The University’s intentional student programs have helped usher in an unprecedented number of students from abroad for the 2011-12 school year.
Approximately 2,000 international students were enrolled for fall term as of Monday, according to the Office of International Affairs. While the number of international students on campus has been growing steadily for the last three years, this year marks an increase of more than 300 and comes close to fulfilling the University’s long-term goal of having eight percent of the student body from outside the United States.
When it comes to the increased enrollment, said Magid Shirzadegan, director of international student and scholar services, the University of Oregon has a good reputation. “Parents feel comfortable sending their children here.”
One part of the explanation for the increased enrollment, according to Shirzadegan, is that the majority of these students are Chinese citizens. Because of China’s current economic advantages, choosing to pursue degrees in the United States — where tuition for international students can be four times as [email protected]@Where is this information [email protected]@ — is now becoming an increasingly appealing option for Chinese students.
Even so, the international representation on campus is far greater than just Chinese citizens. The University currently houses students from 90 [email protected]@Where? One building? Spread out in various [email protected]@, which gives [email protected]@Which students? Just the general American ones? International ones, too? [email protected]@ the opportunity to interact with cultures that they normally would never be exposed to, according to Shirzadegan.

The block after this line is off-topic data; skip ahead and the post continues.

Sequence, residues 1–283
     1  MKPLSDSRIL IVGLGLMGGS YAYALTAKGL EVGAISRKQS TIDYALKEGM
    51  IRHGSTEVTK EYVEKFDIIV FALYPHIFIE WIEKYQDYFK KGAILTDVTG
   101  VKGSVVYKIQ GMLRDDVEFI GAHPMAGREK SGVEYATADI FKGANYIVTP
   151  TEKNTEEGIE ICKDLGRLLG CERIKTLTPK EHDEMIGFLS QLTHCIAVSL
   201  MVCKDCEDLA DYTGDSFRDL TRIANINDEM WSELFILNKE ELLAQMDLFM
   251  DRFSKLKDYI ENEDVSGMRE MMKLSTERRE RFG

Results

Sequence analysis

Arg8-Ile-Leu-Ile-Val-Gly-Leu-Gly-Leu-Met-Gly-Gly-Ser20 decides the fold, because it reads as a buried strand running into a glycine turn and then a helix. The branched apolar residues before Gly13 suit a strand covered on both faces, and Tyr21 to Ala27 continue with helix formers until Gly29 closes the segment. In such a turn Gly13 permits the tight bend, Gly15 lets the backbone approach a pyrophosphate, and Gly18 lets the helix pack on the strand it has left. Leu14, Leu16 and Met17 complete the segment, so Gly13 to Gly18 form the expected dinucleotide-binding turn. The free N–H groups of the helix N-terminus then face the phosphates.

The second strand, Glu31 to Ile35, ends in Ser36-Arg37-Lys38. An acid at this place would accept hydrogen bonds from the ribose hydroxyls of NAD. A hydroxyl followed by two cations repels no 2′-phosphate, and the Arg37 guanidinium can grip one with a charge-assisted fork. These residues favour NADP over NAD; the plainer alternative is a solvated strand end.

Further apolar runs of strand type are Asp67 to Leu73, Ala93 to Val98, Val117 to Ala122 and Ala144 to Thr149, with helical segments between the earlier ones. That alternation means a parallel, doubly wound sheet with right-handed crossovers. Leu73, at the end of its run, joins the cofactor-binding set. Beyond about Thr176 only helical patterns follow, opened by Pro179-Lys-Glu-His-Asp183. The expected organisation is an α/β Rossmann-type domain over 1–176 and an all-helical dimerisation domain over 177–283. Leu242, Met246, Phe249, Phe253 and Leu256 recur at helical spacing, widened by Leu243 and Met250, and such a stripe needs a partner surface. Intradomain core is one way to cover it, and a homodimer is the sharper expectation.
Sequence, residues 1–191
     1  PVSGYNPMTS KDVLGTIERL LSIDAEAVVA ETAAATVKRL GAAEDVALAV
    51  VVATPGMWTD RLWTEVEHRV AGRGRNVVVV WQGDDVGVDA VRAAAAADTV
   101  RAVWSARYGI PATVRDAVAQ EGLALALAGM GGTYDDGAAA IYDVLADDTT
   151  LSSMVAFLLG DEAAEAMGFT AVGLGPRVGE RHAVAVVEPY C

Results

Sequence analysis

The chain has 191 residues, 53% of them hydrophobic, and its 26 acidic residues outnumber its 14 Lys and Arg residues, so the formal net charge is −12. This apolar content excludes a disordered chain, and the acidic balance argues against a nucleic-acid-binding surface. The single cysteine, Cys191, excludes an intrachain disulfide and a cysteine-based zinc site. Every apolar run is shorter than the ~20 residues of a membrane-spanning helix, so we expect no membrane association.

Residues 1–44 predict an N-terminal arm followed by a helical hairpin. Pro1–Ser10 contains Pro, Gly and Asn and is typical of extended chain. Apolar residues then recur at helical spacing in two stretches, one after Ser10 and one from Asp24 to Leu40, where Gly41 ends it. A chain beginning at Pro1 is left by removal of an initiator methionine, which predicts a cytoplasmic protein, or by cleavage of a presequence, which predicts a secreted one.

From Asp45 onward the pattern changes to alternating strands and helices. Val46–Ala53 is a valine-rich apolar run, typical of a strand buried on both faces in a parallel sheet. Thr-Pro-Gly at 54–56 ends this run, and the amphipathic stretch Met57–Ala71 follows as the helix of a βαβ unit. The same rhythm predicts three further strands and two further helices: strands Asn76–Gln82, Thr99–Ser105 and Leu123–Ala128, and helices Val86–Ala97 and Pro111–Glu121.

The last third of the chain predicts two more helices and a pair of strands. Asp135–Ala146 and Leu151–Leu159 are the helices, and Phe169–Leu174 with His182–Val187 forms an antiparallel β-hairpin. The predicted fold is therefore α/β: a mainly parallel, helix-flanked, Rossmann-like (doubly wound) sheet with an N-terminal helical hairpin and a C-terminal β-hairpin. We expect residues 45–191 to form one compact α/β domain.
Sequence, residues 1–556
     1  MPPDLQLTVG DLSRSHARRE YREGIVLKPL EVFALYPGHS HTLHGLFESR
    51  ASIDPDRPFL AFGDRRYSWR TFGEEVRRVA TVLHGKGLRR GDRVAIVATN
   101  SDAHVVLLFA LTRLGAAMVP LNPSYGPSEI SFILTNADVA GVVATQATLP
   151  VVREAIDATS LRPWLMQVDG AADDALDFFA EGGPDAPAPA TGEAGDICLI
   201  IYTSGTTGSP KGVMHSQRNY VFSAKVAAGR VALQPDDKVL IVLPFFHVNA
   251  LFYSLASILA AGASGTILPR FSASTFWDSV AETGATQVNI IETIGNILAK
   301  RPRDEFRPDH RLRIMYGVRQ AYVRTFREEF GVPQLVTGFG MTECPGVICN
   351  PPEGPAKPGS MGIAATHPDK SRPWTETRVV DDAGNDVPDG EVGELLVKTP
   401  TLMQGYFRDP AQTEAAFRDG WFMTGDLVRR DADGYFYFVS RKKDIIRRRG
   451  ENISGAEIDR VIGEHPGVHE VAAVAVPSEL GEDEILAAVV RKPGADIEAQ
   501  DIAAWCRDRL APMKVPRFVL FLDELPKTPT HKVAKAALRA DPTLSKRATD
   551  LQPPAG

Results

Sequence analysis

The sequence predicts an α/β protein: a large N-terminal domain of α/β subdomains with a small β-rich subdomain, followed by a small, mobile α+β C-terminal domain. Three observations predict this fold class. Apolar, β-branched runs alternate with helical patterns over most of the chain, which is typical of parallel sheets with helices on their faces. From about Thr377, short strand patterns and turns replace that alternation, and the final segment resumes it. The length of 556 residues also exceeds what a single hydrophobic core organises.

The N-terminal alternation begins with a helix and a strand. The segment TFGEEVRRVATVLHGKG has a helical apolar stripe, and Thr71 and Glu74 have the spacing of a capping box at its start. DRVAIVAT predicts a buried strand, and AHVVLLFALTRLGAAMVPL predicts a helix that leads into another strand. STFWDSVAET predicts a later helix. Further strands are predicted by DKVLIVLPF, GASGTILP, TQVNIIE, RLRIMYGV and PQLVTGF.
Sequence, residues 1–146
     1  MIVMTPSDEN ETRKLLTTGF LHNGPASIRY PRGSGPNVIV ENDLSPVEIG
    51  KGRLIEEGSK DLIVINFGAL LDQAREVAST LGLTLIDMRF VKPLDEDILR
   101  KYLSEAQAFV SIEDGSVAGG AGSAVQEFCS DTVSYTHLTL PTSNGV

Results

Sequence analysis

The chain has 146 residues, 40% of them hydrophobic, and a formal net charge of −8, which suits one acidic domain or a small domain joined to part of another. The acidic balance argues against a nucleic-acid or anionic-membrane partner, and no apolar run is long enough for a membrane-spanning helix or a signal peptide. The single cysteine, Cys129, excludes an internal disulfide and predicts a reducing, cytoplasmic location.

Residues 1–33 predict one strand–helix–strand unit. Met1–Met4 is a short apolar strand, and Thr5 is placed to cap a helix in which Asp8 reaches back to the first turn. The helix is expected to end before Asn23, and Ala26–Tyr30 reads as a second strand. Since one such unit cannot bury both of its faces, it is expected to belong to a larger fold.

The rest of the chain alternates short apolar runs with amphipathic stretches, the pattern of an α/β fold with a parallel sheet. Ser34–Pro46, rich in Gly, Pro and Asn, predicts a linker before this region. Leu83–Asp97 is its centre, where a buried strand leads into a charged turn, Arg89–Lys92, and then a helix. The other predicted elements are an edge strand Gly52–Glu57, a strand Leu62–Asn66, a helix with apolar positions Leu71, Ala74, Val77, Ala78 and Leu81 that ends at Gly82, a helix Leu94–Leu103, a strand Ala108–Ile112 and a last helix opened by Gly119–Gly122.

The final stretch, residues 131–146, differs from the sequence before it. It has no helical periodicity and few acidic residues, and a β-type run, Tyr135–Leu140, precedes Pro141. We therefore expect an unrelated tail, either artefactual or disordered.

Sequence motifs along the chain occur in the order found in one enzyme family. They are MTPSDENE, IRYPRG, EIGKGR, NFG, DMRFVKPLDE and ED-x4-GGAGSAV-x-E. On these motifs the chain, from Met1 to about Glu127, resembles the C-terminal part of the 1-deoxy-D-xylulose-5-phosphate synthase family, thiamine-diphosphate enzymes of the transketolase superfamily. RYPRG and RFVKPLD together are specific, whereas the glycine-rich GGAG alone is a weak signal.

This increased exposure, some campus leaders [email protected]@You say “some.” I only see reference to only one – Cargile (see below)@@, will help foster cultural awareness and tolerance throughout the entire student body.
Jill Cargile, director of special programs for the University’s American English Institute, cited a new University program started this year that has already brought 15 Iraqi students to study on campus. “We’re lucky to have these students here,” she said.
The program, which was established through a $3.3 million grant from international partners in the Rumalia oilfield in Southern [email protected]@Where is this information coming [email protected]@, sends students from the University of Basrah, Iraq to Eugene to study at the University’s American English Institute.
The purpose of the program, Cargile said, is to help them not only learn English in order to help rebuild their nation, but also to further their understanding of American culture — beyond what they have seen from the U.S. military presence in their country.
For their American peers, Cargile hopes, their presence on campus will also prove mutually beneficial.
“This is a culture that has not been accessible to the Unites States,” Cargile said. “It’s nice to be able to get to know this ancient and very highly cultured place.”
However, merely having more international students on campus, Shirzadegan warned, may not be enough to increase the student body’s understanding of other cultures.
“Having a good international presence is good potential,” Shirzadegan said, “but it needs to be tapped into.”
Though there are already programs on campus that encourage cross-cultural interactions — such as language circles and culture nights, Shirzadegan feels that there is still a division between international students and the rest of the student body.
The increasing international enrollment, Shirzadegan hopes, “will encourage faculty and students to tap into these opportunities to interact with international students.”